If somehow the bet pays off, the trader will make upwards of hundreds of thousands of dollars. But most would agree this bet pays off at zero as Democratic House control is now guaranteed. So what was he thinking? Perhaps that the wording of the market itself would ultimately be contested? The size and timing of the orders — moments after the election was “called” by real-world sources — implies a calculated plan by an experienced trader. But irrespective of his intentions, his trading action has spurred unrest among traders.

Language is critical 

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The midterm market was worded as “Which party will control the House after 2018 U.S. Midterm Election?” and the expiration of the market was one month after the election, specifically December 10th. There is a technicality with this because — even though the Democrats won the House election last week — the Republicans still controlled the House the day after the U.S. midterm Election (Wednesday).

Technically then, the outcome of the market was known at the very time the market was created. This would normally be a recipe for what’s called an “invalid market.” If reporters ultimately deem a market to be invalid, then shareholders are all paid out proportionally. For example, since there are three outcomes in this market — a Democratic, Republican, and Tie share — each would each pay out ⅓ of an ETH if the market is deemed invalid. If the reporters somehow conclude that this market should settle as Republican due to this wording, then this new entrant would be in for a huge pay day. But that shouldn’t happen, given Augur’s dispute process.

Still, there is an important decision for reporters to make here. Up until the day of the event, traders were presumably betting on the market as if it was about who would win the election. Odds on that Augur market mimicked other betting services, suggestion the presumption was indeed valid. Interestingly enough, PredictIt, the centralized version of Augur, had their market titled exactly the same as the Augur market and it settled without any dispute as if Democrats were the winners. (Editor’s note: There is no rational argument otherwise.)

A storm is brewing

It seems as though the most likely outcome is that the market will be disputed using Augur’s decentralized reporting system. This will be the first time that it’s been done with so much money at stake. There was another market, referred to as the “Bastille market” that went 15 reporting rounds and has sort of become “case law” around whether subjective markets should be allowed on Augur. The Bastille market asked if the “weather would be nice” on a certain day in a geographic region. The dispute ultimately ended with a ruling there cannot be subjective markets and it’s the longest dispute we’ve seen thus far. Bastille, however, was a low volume market.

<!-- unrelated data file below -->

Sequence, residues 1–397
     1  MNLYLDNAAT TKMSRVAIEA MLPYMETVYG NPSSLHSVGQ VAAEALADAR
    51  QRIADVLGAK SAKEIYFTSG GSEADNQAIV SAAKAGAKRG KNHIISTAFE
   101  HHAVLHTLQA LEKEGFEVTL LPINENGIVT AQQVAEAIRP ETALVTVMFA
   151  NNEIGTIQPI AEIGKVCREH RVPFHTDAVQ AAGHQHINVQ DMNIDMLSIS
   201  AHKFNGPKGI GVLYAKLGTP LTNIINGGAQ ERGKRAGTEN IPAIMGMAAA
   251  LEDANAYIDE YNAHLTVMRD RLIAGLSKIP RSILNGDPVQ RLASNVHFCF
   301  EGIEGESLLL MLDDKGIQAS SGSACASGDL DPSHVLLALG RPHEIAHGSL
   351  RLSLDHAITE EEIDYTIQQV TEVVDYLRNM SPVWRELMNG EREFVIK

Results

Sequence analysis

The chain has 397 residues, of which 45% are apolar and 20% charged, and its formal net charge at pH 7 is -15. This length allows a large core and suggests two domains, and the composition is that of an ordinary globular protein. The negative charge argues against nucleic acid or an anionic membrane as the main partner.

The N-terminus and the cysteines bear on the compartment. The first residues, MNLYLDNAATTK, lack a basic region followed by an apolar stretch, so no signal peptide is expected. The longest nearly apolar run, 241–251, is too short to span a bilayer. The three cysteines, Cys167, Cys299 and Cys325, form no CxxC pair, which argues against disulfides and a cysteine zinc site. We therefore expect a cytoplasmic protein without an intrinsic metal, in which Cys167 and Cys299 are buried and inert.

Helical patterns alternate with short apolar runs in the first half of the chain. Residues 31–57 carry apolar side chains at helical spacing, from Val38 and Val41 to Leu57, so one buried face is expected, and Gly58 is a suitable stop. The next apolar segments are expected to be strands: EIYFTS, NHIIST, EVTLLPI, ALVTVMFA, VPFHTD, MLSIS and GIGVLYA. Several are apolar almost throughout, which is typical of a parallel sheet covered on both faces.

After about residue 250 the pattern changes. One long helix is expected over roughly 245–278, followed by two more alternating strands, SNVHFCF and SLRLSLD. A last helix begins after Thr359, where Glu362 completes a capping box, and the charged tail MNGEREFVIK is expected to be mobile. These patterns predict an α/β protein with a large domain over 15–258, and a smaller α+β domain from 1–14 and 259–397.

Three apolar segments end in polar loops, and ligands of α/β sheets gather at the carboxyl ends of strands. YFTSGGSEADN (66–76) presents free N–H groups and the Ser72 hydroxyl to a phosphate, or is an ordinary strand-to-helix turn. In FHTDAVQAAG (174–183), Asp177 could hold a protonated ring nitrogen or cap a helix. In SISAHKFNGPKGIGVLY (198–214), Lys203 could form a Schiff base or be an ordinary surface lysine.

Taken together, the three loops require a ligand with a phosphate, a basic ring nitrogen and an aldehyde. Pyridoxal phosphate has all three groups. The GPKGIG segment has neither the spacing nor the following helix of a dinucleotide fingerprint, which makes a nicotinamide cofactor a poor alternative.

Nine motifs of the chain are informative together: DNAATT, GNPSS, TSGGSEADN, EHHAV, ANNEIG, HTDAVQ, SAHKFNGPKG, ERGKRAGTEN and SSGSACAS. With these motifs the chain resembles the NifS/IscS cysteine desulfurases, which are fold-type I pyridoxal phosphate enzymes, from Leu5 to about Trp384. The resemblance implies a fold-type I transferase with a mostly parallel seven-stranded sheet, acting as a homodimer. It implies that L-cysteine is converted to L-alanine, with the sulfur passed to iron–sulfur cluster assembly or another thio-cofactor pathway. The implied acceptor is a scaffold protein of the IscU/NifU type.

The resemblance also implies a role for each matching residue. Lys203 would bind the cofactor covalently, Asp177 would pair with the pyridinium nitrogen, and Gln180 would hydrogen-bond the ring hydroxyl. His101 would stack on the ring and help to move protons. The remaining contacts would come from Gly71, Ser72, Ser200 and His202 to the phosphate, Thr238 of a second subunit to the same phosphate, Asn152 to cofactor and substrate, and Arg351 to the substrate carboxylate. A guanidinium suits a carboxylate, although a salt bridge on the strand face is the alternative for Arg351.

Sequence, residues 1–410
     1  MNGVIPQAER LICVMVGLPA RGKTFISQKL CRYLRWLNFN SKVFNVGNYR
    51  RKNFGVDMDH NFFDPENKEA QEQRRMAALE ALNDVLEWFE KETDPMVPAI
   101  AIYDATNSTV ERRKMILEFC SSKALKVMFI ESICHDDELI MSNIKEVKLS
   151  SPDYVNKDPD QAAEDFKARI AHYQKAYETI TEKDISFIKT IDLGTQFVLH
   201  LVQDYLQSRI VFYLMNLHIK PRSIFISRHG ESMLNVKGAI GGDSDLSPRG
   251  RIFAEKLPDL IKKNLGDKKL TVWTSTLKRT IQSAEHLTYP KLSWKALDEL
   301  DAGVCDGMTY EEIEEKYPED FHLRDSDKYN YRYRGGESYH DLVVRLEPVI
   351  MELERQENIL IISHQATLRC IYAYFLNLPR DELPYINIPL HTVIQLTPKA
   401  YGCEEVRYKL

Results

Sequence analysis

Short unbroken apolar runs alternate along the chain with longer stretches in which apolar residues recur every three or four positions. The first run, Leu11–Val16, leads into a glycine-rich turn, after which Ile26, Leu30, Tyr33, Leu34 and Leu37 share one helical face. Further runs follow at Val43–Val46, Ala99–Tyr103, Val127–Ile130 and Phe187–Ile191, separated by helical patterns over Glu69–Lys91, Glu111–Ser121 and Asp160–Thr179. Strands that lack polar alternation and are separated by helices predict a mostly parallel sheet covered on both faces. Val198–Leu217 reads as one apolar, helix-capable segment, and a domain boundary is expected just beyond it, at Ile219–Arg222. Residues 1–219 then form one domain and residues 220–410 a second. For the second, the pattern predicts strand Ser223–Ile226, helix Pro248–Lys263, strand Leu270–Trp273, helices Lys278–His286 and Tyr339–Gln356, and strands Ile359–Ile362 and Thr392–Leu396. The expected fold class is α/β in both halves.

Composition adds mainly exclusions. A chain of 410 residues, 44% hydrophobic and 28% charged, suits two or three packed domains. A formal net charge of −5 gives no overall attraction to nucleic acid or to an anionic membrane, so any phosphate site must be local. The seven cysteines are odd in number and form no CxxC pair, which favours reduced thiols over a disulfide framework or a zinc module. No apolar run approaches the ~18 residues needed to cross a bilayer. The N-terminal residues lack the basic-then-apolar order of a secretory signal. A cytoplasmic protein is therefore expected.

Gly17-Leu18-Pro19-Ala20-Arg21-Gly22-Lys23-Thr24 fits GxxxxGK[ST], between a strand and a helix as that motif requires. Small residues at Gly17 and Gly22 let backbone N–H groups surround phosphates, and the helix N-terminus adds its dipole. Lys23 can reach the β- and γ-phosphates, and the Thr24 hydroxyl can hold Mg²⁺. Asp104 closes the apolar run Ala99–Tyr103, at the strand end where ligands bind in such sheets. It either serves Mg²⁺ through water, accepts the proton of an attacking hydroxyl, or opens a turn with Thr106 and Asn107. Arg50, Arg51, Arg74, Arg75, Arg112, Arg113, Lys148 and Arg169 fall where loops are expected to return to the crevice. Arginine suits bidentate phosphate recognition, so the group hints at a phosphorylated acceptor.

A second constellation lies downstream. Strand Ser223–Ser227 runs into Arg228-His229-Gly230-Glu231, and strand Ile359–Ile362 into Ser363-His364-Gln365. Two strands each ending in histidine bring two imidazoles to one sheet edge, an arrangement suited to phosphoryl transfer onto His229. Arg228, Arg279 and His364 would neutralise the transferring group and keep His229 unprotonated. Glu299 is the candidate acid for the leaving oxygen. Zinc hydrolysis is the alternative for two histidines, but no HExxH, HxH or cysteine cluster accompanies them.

In this case, there are 3 potential outcomes worth looking at for this midterm market, and in order of likelihood, they are:

  1. Democrats: Reporters recognize that traders were better on which party would win majority control of the U.S. House of Representatives.
  2. Invalid: Reporters decide that the outcome was known at the time of market creation and therefore all bets are effectively off.
  3. Republican: Reporters read the English language with a highly technical lens, and resolve the market counter to those who appeared to purchase winning shares. (Reminder that even as of this writing, the House is under Republican control and remains so until next year when the new Congress is convened.)

It seems likely the Augur platform essentially becomes useless if this market settles as anything other than Democrat — even though some purists believe the best course of action is to settle the market as invalid to encourage market creators to create less ambiguous markets in the future. With this kind of money on the line, a ruling other than Democrats signals to traders that they can’t trust Augur markets to settle in the expected manner — a manner consistent with centralized alternatives. There is already a significant amount of friction to use Augur as it is — the UI is complicated, there’s a lot of trading jargon, all bets require traders to first obtain ether, and a trader needs to have a basic knowledge of how to use the Ethereum blockchain as well as Metamask or another wallet.